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As I was getting ready for work this morning, I turned on ESPN to watch SportsCenter, as I usually do. Unfortunately, Sunday mornings feature a break in the SC coverage to go to a show called "Outside the Lines". I don't generally watch this show, but something today caught my ear, and made me want to hear more. For once in a great while, the words "Detroit Lions" were uttered without being followed by some sort of crack about their literal no-win season last year. They were discussing Matthew Stafford, this year's #1 draft pick.
The Lions, I agree, need to turn their team around in the worst way. Everyone knew that Stafford would go first in this year's draft-- I suppose being 0-16 has its perks (if you're going to be bad, you might as well be the worst in history, right?). The issue at hand this morning was not that Stafford made a huge mistake by signing with the Lions for 6 years, but rather how much money Stafford signed for. As a rookie, he would make over $3 million per year MORE than the veterans. Is this fair?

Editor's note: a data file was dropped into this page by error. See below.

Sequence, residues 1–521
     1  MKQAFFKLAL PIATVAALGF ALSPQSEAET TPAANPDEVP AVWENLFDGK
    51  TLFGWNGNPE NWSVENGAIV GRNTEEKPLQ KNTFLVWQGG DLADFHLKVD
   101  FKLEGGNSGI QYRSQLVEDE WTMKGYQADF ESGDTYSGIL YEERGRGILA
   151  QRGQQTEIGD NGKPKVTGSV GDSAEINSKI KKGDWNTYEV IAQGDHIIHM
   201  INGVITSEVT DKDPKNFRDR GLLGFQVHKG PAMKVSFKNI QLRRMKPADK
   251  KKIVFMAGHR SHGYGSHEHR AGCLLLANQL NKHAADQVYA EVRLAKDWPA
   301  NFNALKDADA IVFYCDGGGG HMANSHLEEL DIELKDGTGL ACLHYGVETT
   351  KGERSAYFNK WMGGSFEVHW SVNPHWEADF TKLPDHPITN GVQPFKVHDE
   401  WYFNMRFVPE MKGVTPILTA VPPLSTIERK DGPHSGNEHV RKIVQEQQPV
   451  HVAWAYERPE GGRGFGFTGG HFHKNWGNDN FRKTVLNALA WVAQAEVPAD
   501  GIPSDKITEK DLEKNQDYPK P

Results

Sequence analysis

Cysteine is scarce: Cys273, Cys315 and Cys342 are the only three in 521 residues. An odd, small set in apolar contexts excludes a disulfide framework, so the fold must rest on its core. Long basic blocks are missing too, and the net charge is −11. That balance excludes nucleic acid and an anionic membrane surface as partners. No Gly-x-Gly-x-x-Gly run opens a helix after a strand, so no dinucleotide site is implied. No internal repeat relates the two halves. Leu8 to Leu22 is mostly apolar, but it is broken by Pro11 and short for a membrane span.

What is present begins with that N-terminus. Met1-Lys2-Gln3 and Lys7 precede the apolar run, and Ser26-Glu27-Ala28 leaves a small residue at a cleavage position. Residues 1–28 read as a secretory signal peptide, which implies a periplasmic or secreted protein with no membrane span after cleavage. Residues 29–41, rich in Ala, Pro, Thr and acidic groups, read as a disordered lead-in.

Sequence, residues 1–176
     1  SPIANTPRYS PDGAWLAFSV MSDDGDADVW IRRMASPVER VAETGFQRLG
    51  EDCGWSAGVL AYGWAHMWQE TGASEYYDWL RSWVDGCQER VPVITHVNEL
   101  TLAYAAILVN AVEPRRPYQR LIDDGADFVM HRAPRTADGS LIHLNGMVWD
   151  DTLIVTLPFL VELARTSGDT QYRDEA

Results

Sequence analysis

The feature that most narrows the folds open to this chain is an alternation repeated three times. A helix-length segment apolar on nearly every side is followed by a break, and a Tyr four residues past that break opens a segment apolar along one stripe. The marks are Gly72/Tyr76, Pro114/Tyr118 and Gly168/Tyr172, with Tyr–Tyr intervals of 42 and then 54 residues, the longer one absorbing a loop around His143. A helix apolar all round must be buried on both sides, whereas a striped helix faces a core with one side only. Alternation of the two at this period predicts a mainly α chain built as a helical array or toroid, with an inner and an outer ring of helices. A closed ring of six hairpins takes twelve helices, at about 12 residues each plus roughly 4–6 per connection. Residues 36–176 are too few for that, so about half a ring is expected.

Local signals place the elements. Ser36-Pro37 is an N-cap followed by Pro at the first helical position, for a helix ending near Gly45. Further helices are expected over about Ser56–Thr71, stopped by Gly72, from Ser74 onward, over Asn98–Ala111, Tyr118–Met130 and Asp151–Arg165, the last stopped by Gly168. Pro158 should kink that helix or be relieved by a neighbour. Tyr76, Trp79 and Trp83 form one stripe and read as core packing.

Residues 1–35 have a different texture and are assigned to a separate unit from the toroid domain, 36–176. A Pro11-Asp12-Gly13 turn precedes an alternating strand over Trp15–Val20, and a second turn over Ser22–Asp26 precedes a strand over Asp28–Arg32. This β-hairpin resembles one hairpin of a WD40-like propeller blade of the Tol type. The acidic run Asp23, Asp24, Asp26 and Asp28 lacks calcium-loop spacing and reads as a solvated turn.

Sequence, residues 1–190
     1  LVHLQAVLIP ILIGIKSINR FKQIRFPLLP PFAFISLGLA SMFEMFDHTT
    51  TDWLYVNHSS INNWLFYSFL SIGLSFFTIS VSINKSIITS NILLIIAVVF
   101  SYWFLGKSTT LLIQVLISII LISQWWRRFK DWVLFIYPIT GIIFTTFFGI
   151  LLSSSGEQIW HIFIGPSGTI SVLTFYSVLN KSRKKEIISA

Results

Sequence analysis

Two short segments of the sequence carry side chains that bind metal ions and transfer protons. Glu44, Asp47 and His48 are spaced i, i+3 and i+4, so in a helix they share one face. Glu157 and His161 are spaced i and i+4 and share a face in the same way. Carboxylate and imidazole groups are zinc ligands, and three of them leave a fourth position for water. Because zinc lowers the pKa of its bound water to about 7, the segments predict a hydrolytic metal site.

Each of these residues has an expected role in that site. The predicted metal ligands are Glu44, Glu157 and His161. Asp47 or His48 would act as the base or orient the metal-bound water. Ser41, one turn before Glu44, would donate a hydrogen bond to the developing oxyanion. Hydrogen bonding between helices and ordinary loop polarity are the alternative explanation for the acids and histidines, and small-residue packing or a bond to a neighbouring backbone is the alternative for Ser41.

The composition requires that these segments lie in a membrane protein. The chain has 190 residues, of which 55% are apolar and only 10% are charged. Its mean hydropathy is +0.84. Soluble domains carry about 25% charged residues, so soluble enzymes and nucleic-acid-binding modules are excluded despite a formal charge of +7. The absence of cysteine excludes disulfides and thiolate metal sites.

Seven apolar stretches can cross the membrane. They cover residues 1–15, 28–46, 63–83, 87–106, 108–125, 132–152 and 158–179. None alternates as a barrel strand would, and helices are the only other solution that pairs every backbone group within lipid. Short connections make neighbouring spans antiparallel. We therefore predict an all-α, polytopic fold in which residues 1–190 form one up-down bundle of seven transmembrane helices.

My mind was automatically drawn to economics. I'm not one to talk about anything pertaining to recessions and inflations, mostly because, well, I barely passed econ in college. It makes no sense to me. Whatever happened to pure supply and demand? That used to be the easiest thing to understand for me. When more people want it, it drives the price up. No one wants it, the price goes down. Simple enough, right? I feel the same principle applies to athletes. Rookies are generally in high demand: especially those who made a name for themselves on the college circuit. They are a professional team's chance to turn the tables, or add another [prospective] star to their roster. The veterans, however, have been around the block a few times, and are getting closer to retirement with each passing season. Why waste money on a has-been, when you can lure in a will-be?
In my opinion, Matthew Stafford has one of the hardest jobs in the NFL this year. He is starting his professional career with a team notorious for being terrible. The Lions are putting all their eggs in one basket on this one. He will make money regardless of a win or loss, and hopefully he will prove that he deserves his sky-high salary (highest ever for a rookie). Detroit fans will be watching with bated breath every Sunday, and I'm sure not one of them would object to Stafford earning his contracted bonus for winning a championship (I said bated breath, not held breath).

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